Action of BET Inhibitors, a Potential and Promising Lymphoma Drug Class, Seen in Study

Action of BET Inhibitors, a Potential and Promising Lymphoma Drug Class, Seen in Study

Researchers studying the mechanism of action of BET inhibitors, drugs thought to be of promise in treating blood cancers such as leukemia and lymphoma, report discovering not only how these drugs kill cancer cells but also how tumor cells develop resistance to them. The study, “BET inhibition represses miR17-92 to drive BIM-initiated apoptosis of normal and transformed hematopoietic cells,” was published in Leukemia.

BET (bromodomain and extraterminal domain) proteins are key mediators of gene expression, controlling whether genes are  transcribed and translated into such factors as proteins and RNA, or not. For this reason, BET proteins are seen as promising treatment targets for lymphoid and myeloid malignancies.

While BET inhibitors are known to be able to halt cancer growth, however, whether these drugs only pause such growth or effectively kill cancer cells is still unclear.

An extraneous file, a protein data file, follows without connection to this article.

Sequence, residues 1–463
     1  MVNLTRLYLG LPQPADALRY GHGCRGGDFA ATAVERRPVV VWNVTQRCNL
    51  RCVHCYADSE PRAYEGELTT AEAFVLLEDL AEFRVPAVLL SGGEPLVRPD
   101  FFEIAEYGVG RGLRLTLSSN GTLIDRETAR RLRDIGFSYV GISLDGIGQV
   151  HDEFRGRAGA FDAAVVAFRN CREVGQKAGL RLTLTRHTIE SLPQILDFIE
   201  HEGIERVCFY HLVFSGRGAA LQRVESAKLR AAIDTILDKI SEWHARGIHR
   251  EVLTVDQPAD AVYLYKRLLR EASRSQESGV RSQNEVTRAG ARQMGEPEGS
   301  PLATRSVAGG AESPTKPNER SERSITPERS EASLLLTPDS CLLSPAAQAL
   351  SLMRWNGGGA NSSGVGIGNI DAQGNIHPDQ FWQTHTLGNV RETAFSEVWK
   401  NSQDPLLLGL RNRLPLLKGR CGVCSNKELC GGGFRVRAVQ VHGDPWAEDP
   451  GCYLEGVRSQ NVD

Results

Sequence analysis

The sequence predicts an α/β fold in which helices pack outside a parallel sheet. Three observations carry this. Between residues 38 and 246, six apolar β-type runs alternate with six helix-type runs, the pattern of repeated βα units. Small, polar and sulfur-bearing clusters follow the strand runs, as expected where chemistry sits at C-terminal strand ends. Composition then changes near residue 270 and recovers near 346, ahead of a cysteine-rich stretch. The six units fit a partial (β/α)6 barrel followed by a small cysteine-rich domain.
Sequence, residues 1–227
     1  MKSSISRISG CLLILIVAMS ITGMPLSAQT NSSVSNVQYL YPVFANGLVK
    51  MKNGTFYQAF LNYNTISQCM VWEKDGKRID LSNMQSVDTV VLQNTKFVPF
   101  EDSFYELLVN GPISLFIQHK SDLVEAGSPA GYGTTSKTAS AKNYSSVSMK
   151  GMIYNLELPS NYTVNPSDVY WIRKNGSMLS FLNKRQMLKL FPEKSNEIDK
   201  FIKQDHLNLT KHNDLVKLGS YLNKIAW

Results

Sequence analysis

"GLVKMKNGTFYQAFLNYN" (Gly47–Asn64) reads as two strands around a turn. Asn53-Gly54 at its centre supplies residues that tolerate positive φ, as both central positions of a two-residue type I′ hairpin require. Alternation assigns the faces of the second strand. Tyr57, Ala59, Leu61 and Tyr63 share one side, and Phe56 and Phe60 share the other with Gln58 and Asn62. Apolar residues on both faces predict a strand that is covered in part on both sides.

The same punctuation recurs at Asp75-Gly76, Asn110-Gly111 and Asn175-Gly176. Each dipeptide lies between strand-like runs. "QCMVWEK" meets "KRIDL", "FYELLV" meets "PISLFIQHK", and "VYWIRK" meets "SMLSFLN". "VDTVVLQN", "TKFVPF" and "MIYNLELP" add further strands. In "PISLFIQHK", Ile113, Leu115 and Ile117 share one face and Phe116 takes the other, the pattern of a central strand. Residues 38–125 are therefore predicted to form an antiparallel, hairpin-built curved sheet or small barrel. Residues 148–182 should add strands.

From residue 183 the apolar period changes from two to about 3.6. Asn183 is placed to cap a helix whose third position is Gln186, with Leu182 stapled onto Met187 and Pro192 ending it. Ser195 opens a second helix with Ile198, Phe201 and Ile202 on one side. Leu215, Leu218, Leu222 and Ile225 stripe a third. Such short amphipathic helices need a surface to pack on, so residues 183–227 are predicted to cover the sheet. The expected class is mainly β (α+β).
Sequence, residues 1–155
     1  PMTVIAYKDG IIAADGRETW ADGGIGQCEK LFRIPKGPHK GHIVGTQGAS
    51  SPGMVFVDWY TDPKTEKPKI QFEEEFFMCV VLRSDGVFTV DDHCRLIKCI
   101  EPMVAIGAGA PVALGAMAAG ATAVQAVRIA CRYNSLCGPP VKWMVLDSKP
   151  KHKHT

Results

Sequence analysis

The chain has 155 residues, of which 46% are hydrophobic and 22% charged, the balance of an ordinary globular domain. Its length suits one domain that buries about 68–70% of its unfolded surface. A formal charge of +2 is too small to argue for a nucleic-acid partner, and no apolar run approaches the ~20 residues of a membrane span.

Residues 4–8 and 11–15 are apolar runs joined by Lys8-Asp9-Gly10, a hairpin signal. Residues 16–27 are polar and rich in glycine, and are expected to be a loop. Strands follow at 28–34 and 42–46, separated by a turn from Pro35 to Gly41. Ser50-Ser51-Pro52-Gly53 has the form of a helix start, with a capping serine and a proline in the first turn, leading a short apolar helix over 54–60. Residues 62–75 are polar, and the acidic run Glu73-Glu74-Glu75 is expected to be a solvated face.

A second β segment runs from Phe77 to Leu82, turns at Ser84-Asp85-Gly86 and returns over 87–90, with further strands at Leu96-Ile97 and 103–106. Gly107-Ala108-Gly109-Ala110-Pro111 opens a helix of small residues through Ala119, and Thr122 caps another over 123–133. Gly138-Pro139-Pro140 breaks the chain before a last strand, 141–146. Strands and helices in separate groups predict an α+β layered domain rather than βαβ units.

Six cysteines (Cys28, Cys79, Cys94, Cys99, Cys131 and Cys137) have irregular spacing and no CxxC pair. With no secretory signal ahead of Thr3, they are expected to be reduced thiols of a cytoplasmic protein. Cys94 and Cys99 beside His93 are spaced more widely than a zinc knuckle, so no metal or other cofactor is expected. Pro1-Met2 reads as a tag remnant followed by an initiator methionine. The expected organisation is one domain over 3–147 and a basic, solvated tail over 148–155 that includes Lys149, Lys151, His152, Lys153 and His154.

The scientists found that BET inhibitors mainly kill cancer cells through apoptosis, a process of programmed cell death. Moreover, for the drugs to successfully kill tumor cells, a protein called BIM, crucial for apoptosis, has to be present. Importantly, they also identified key mutations that would render cancer cells resistant to the drugs.

“We found that when apoptosis was impaired, for instance by loss of BIM, the BET inhibitors were no longer effective,” Dr. Zhen Xu, a postdoctoral researcher at the Walter and Eliza Hall Institute of Medical Research, in Australia, said in a news release. “This suggests that cancer cells that acquire mutations in genes that drive apoptosis will lose sensitivity to BET inhibitors and thus will be able to survive treatment, leading to disease relapse.”

Study authors believe their findings help both to further understanding into how BET inhibitors work, and to developing strategies to improve their effectiveness. “Understanding how the drugs work gives us the opportunity to investigate new treatments, for example by using combination therapies, or altering the dosage and timing of treatment to prevent drug resistance from emerging,” said Dr. Stefan Glaser, the study’s lead investigator.

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Margarida graduated with a BS in Health Sciences from the University of Lisbon and a MSc in Biotechnology from Instituto Superior Técnico (IST-UL). She worked as a molecular biologist research associate at a Cambridge UK-based biotech company that discovers and develops therapeutic, fully human monoclonal antibodies.

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